Roll Your Own Dropdown Menu Using Pure CSS

There’s a lot of tutorials out there for creating dropdown menus using Only CSS. However, I haven’t really found one that breaks down the development process in order to teach it instead of just providing an explanation of code you’re meant to copy and paste. Here I hope to explain just how CSS dropdown menus work and go over the process I used to develop the one I use on my projects.

Start With a Good Foundation: The Markup

The most important step when developing something like this is making sure the markup is clean and semantically correct. If you get this step wrong, you’re going to have a more difficult time trying to style it properly later. Here’s the markup I’ve chosen to use for this project:

<ul>
    <li><a href="#">Item 1</a></li>
    <li><a href="#">Item 2</a></li>
    <li><a href="#">Item 3</a></li>
    <li><a href="#">Item 4</a></li>
    <li><a href="#">Item 5</a></li>
</ul>

Here we’ve created a very simple unordered list that contains links that refer back to the page itself: pretty standard stuff. What makes this markup so suited for a dropdown menu is the fact that an dropdown menu is technically just a list of items, each one designed to signify a choice or action that user can take.

Add the Proper Hooks: Classes

Now that we’ve got our markup figured out, it’s time to add some CSS styles to it.

<ul class="dropdown-menu">
    <li class="menu-item">
        <a class="menu-item-link" href="#">Item 1</a>
    </li>
    <li class="menu-item">
        <a class="menu-item-link" href="#">Item 2</a>
    </li>
    <li class="menu-item">
        <a class="menu-item-link" href="#">Item 3</a>
    </li>
    <li class="menu-item">
        <a class="menu-item-link" href="#">Item 4</a>
    </li>
    <li class="menu-item">
        <a class="menu-item-link" href="#">Item 5</a>
    </li>
</ul>

Most of the classes here are pretty self explanatory: their names reflect the function of the elements they’re meant to style.

With the addition of the class names to the elements, we can now start applying styles to the menu.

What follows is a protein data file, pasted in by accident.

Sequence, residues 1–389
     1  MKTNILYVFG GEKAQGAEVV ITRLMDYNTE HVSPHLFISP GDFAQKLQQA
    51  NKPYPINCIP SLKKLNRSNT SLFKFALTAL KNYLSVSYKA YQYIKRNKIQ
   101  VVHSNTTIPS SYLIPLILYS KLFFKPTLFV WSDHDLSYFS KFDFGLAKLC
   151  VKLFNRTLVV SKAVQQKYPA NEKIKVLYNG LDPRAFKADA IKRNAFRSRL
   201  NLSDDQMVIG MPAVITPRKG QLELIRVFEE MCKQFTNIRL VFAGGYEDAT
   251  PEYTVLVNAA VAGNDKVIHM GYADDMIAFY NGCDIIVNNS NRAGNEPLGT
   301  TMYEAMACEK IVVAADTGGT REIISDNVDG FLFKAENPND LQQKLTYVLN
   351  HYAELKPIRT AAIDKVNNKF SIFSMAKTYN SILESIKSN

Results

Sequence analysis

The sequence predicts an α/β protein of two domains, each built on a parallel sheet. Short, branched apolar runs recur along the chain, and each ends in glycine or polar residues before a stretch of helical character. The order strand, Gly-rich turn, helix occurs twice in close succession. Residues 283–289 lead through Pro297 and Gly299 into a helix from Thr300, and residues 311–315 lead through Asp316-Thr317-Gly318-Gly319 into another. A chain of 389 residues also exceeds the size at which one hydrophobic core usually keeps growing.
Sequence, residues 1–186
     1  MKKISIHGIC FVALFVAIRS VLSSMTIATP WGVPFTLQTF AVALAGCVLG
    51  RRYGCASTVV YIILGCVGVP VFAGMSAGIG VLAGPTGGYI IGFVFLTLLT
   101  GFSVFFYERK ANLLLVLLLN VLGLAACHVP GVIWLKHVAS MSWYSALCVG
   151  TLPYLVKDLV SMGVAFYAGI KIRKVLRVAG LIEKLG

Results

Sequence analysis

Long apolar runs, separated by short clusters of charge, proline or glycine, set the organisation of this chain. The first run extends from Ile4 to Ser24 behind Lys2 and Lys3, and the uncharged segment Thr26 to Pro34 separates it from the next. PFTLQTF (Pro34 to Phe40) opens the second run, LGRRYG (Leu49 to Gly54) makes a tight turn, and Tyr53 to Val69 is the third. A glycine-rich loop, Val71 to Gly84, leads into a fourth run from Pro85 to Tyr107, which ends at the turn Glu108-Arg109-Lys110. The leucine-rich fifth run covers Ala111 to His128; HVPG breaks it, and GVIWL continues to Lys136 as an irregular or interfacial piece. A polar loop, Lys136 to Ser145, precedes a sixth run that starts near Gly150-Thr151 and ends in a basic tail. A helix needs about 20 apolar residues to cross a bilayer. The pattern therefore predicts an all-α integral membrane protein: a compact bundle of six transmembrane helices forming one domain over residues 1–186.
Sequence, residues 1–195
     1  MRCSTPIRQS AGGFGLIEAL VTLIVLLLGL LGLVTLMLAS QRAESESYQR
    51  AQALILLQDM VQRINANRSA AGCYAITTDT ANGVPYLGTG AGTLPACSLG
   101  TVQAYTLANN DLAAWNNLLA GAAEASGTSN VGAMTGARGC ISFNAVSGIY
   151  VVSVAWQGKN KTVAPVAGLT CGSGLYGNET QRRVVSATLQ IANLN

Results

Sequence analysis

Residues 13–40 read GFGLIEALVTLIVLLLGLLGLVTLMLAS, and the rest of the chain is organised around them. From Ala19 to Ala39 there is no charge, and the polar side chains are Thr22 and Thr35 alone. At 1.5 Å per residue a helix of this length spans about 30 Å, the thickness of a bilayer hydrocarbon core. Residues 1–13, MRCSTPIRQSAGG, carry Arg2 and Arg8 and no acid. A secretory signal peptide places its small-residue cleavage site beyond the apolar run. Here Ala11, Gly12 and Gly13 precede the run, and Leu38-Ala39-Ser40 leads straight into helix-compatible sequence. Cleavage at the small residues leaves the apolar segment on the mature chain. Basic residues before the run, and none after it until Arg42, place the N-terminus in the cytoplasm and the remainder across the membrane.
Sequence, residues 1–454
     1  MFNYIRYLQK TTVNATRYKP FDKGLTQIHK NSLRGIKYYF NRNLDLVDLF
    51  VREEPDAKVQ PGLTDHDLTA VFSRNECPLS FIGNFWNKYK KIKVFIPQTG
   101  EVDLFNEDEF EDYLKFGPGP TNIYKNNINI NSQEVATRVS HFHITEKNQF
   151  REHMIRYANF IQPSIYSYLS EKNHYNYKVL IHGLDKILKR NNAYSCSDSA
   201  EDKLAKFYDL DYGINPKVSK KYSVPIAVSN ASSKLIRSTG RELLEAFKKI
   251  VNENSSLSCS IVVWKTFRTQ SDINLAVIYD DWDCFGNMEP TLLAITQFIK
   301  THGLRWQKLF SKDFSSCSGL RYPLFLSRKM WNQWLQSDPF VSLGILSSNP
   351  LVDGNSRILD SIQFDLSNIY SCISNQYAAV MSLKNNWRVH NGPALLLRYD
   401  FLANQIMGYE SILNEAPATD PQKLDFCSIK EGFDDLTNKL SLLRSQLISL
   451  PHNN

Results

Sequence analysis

Style the Menu

Let’s apply the following styles to the dropdown menu:

.dropdown-menu {
    padding: 0;
    margin: 0;
    width: 130px;
    font-family: Arial;
    display: block;
    border: solid 1px #CCCCCC;
    border-bottom-style: none;
    background-color: #F4F4F4;
}
.dropdown-menu .menu-item-link {
    display: block;
    border-bottom: solid 1px #CCCCCC;
    text-decoration: none;
    line-height: 30px; /* Vertically center the text */
    color: rgba(89,87,87,0.9);
    height: 30px;
    padding: 5px;
    cursor: pointer;
}

If you’re familiar with CSS, most of the code here is pretty self explanatory. Once you’ve applied the styles, you should get something that looks like this:

dropdown-menu-step-1

Hide and Hover: Making the Menu Drop Down

With the markup and basic styles now in place, we now have our selves a very nice static menu. However, the goal of the project is to create a drop down menu which means we’re going to need a way to show and hide the list items not at the top of the list.

To start off, we’re going to need to modify our markup and add an “active” class to the first element in the list so we know which list item we want to keep visible. Go ahead and update markup to look like the following:

<ul class="dropdown-menu">
    <li class="menu-item active"> <!-- Add active class -->
        <a class="menu-item-link" href="#">Item 1</a>
    </li>
    <li class="menu-item">
        <a class="menu-item-link" href="#">Item 2</a>
    </li>
    <li class="menu-item">
        <a class="menu-item-link" href="#">Item 3</a>
    </li>
    <li class="menu-item">